The bipartisan congressional bill to expand SCHIP to cover 4 million more children by 2012 was vetoed by George Bush who believed it would "Federalize Health Care". Despite SCHIP, which was started in 1997, the number of uninsured children continues to rise and 68.7% of new kids without health insurance came from families who are above the 200% of poverty level. We all know what has happened over the past 10 years with rising insurance costs and employers dropping coverage. Just saying "no" hurts families and children in America. Have you priced health insurance lately? A family of 4 would pay a minimum of $600/month if they could even get coverage! It's an impossible situation.
I was at a meeting this week where physician leaders of medical groups were discussing the SCHIP veto and how they would handle children in their practices who will lose coverage. They wanted to develop a policy of continuing to provide free care, even though there would be no reimbursement. It brought tears to my eyes to hear them discuss in earnest how they could do this...especially when they are already providing care for Medicaid children at a financial loss. Government programs (Medicare and Medicaid) are a form of "charity care" for most physicians who lose money on these patients. The physicians were determined to do whatever they could to prevent children from having no medical home.
As a practicing physician, I hear the stories and see the faces of people that are struggling to make ends meet. On the ground it is not a statistic, but a child with asthma or a broken leg or needing immunizations. Americans are not opposed to seeing their tax dollar used for health or education. We all hate waste and incompetence and fraud and SCHIP is none of those. SCHIP was originally started by a bipartisan republican congress and has been a successful program that helps our neediest citizens. What a shame that our Country cannot find the will and the resources in 2007 to cover poor children and pregnant moms and (oh gasp!) even poor parents.
Posted by Toni Brayer, MD at 11:09 PM
Monday, November 12, 2007
Testicular cancer is rare but curable when diagnosed early so there are a few facts everyone with an adolescent son or relative should know.
It is the most common cancer in young adult men between age 15-35. It is very rare in African American men and is more common in men who have an undescended testicle. Testicular cancer is almost always detected by the patient himself. Young men entering adolescents should be taught how to examine their own testicles just like women learn breast exam.
Testicles are smooth and easy to examine, unlike breasts that change with menstrual cycles. The self-exam is best performed after a shower when the scrotum is relaxed and easy to palpate. Men should be alert for nodules, swelling, enlargement or tenderness. Pain is only present 50% of the time so a painless lump should be seen by the doctor.
Testicular cancer has three stages. Stage 1 involves just the testes. Stage 2 patients have disease that has spread through lymphatics but remains close to the pelvis. Stage 3 patients have disease that has spread to other organs or distant lymph nodes. Even Stage 3 patients have a good chance of cure with modern treatment of orchiectomy (testicle removal), radiation and chemotherapy.
The take home message for testicular cancer early detection is to educate young men about self exam just like we educate young women. Most testes nodules are NOT cancer but every change from smooth should be promptly evaluated by a physician. It is a highly curable disease and one of the successes of modern medicine.
By the way, for a really inspiring read, pick up "Its Not About the Bike" by Lance Armstrong.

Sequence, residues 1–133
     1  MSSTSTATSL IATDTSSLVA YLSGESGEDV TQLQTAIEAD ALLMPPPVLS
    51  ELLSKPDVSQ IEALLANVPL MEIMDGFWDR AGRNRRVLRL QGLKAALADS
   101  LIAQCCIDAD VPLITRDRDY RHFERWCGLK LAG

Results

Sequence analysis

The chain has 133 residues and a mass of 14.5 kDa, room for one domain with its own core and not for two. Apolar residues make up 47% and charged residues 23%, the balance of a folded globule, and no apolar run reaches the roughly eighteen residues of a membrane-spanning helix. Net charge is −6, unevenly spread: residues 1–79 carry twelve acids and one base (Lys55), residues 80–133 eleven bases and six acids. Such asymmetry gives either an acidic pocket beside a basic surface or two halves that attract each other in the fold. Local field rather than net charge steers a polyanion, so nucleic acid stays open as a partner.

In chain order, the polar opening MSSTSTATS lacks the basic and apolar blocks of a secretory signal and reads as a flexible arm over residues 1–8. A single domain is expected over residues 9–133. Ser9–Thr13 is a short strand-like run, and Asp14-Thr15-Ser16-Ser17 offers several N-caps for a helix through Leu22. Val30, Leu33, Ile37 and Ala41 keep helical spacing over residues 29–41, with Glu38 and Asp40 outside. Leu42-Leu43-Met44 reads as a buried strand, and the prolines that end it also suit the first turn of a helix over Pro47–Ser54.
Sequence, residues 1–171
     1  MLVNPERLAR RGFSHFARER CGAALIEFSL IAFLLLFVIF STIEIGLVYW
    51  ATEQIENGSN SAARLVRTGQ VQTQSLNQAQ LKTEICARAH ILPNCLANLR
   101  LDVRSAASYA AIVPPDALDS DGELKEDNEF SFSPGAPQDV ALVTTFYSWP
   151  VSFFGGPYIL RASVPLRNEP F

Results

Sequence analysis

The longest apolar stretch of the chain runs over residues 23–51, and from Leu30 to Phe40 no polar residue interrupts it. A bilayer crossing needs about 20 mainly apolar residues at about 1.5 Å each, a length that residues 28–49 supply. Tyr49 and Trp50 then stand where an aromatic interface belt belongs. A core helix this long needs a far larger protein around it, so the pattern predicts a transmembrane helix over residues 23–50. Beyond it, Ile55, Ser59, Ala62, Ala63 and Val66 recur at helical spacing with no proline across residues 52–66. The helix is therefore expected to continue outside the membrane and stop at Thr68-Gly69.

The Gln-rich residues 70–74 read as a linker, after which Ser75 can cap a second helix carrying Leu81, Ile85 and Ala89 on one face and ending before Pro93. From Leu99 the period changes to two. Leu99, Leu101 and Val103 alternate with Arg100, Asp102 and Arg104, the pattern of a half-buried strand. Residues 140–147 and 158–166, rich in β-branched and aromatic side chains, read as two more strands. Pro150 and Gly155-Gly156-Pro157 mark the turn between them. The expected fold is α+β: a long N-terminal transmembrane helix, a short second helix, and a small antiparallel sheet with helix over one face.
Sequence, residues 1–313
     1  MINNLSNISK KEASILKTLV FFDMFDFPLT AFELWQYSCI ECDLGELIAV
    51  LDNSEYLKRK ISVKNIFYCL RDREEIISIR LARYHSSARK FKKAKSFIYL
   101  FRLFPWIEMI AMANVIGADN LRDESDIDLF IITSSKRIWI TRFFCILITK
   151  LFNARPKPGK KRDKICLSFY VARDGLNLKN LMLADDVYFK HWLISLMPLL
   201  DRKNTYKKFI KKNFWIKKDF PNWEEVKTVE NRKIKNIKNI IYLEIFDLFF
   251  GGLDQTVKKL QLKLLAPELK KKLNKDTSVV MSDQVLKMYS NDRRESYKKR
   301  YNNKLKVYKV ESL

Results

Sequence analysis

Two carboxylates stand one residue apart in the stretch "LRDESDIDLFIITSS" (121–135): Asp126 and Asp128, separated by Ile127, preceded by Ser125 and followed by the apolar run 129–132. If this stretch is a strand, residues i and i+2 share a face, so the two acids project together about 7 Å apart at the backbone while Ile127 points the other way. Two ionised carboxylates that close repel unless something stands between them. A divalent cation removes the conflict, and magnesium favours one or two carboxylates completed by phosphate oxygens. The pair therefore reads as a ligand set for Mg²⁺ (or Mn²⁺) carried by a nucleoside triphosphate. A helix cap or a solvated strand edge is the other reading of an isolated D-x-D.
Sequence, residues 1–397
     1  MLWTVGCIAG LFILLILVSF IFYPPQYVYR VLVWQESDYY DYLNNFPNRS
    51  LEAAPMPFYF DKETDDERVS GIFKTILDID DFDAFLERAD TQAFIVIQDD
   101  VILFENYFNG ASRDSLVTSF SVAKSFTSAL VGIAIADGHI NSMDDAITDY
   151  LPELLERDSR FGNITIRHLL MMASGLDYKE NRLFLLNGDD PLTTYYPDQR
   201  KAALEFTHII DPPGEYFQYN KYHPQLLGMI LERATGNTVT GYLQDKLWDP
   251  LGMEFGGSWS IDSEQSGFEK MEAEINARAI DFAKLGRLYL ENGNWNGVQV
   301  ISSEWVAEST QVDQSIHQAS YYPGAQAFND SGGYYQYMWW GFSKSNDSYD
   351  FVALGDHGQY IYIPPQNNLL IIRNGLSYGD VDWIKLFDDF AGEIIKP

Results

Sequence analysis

Posted by Toni Brayer, MD at 10:17 PM
Saturday, November 10, 2007
Proton Pump inhibitors (PPI) are one of the most widely prescribed medications in the world. Why are there 5 different PPIs on the market to treat acid reflux? Is one better than the other? Is the cheaper generic (Omeprazole) as good as Prevacid? or Protonics? or Aciphex? or Nexium?
With the help of The American Family Physician Journal, let me dispel the confusion. First, there are different brands of the same drug because it is a multi million dollar market and a tiny percent of that market is real $$$. It's called market share.
In reviewing the 41 studies comparing the various PPIs that were used to treat peptic ulcers or gastroesophageal reflux disease (GERD), the authors found no differences among any of the drugs.
Let's look at the monthly price differential between these products:
Nexium 20mg --- $158
40mg --- $137
Prevacid 15mg --- $153
30mg --- $147
Protonics 20mg --- $128
40mg --- $125
Prilosec 10mg --- $115
20mg --- $136
Omeprazole (Generic Prilosec) 10mg ---$27
In summary: All PPIs are effective in equipotent doses. Go for the least expensive!
Posted by Toni Brayer, MD at 6:48 PM
Wednesday, November 7, 2007
I have now received three amazing solicitations from MDVIP. This is the Boca Raton corporation that will set a doctor up to do concierge, retainer medicine. The letters invite me to join a few exceptional physicians who seek "professional freedom, personal freedom and financial freedom". One invite came in a bottle with sand and seashells inside, inviting me and my guest to all expense paid trip to Florida. This week, I am invited to California and they will feed me and my guest, treat us to museum exhibits and pay me an honorarium.
The invitations are sexy, appealing and seem to be coming at a rapid clip. MDVIP is one of a handful of companies that know primary care physicians are in demand and they know patients are fed up with the long waits, quick visits and difficulty in even seeing the doctor. They know the doctor is burned out, disgusted with the hassles of insurance paperwork and discount rates. The dream of caring for the patient has turned into the nightmare of patient "panels" of 2500 people.
The solution? The patient pays a retainer ($200-1500/month) and the physician limits her practice and is available to see the patient and spend more time with each patient. Prompt phone calls and email communication is part of the deal. Usually the retainer fee covers the primary care visit also so there is no insurance billing or hassle. Labs, referrals to specialists, Xrays, hospitalization and procedures are usually not included. For those services, the patient's regular insurance applies.